I worked on something pretty important today in my training.
I introduced my son to the track.
Yes, we have been running before. Yes, he has run 5K’s before. But I have never taken him to the track.
My husband passed down his love of soccer, baseball, football and basketball. It is only fair I add in some running. Specifically, track running.
So this morning, when my son complained he wasn’t enjoying the VBS I had registered him for this week, I told him he could skip, but he had to come run with me. He agreed.
I had already run a steady 5 miles in the early AM before everyone got up. I had come across this workout: the 200-200-400 found here and planned to run this when everyone was at school or VBS. My son is athletic and will run. But, when I told him my workout, he didn’t seem thrilled.
Running track you run fast. You run until you feel pain. Then you learn to run through the pain. The more you do an interval, the less it should hurt. So what do you do? Go faster, of course! Til it hurts again!
This kind of running isn’t necessarily my son’s forte. I knew this when I asked him to run. I also knew it was going to be hot out and would need to be sure he would not hurt himself in the heat. So – I modified!
How to Introduce Track Training
As a reference, my son is 10 years old. He is pretty athletic. He plays soccer, football, basketball and baseball. He trains as an athlete even at his age. Months before soccer tryouts he will run 1-2 miles a day on the treadmill. He will do sit-ups and push-ups. Sometimes he needs encouragement. Sometimes it is the first thing he does when he comes home from school.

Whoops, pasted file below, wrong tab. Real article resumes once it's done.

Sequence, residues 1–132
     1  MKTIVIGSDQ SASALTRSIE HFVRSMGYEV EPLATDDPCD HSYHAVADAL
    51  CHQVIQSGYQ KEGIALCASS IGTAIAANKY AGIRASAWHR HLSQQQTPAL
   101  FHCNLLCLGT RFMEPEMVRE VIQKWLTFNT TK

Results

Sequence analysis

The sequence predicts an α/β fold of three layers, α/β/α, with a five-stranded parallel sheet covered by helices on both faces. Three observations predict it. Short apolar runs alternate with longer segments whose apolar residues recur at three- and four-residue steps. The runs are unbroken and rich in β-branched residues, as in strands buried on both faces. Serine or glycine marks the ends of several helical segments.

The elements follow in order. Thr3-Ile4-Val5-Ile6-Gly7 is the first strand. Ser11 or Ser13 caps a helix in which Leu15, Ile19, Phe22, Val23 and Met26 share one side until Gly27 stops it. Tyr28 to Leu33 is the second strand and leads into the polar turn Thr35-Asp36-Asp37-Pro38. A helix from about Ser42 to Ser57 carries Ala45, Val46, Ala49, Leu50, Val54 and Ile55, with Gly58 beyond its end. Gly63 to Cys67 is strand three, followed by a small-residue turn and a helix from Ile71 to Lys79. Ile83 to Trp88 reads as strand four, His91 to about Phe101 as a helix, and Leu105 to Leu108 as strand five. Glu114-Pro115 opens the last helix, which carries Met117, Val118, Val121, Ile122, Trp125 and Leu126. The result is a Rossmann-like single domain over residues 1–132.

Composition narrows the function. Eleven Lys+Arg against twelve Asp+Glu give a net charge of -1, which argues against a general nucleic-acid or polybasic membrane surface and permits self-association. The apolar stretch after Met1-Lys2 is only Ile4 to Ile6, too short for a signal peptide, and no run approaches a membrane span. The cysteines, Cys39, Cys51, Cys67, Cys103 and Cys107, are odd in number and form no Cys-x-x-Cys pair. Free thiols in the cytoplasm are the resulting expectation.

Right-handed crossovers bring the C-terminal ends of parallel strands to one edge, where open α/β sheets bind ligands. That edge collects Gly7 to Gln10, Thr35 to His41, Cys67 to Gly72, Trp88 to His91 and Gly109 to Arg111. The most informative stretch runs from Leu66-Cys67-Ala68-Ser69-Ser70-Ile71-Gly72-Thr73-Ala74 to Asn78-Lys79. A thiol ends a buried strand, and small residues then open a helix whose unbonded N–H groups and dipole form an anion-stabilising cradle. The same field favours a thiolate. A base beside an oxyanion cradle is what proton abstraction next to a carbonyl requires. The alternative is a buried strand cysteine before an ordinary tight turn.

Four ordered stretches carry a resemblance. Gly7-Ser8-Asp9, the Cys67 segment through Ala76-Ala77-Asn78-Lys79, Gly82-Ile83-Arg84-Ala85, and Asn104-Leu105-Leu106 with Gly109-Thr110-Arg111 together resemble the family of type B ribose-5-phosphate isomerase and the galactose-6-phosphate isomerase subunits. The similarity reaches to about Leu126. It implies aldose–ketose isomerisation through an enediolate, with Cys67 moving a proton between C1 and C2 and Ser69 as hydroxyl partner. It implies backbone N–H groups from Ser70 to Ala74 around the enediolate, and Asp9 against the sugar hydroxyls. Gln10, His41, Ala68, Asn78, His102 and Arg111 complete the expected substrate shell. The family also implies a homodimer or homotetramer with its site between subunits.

Track workouts are great, in general, because they are shorter than doing a long run. Long runs can involve a lot of attention span. You have to be able to dedicate doing THE SAME THING for, potentially, hours at a time. That is not necessarily “kid friendly.”
Track = short distance = great for kids!
1. Safety First
It was hot today, but not too humid. We each packed a large water bottle full of ice water. We had our sunblock on. We brought a towel to dampen and put on our heads. Every lap, you stop, you drink. If you feel too hot, dizzy or any kind of overheated, you stop.
2. Tailor the Training – Shorten the Distance
I set out for a 200-200-400 workout. I knew this wasn’t the workout for him. Our first lap we did together. We jogged and talked about what we wanted to accomplish. My son was not thrilled to do my workout. He was a 100 m sprinter. So that is what he went for. His run would include 1 x 100 m sprint in each of his laps. Sounded good to me!
Gotta teach them the importance of stretching. I didn’t want him to hurt himself. Stretching is key. I know.
4. Add Some Fun
I couldn’t just run with him. I had to add something fun. So we got together after he did 1.5 miles, and I had 2.5 miles of training in. We did 50 meter jog, 50 meter running backwards, 100 meter sideways, 50 meter jog, 50 meter running backwards and 100 meter sideways. We jogged a final lap together and called it a day.
The good news is – he liked running the track!
So, I was super psyched. I also knew that the stop and go, fast to slow to fast, would help him in his current basketball and upcoming soccer season ahead.
My favorite thing he learned today?
Running takes a lot of will power. A lot of dedication. I am an individual. The only person driving me to run, is me. I do not have a coach. I am my coach. When you run track, intervals – you reach your start line and you push yourself. You reach your end and you slow into your recovery interval. Then you reach your start line and you go again. You push yourself.
I left that up to him. I ran my workout, he ran his. I watched as he reached his start line and he went. He learned one of the major principles of running. Dedication. Internal drive. I love it!
Post run selfie – Great track experience!
Got any good track workouts great for beginners, who don’t know track yet? Let me know! My son may be ready for another morning at the track!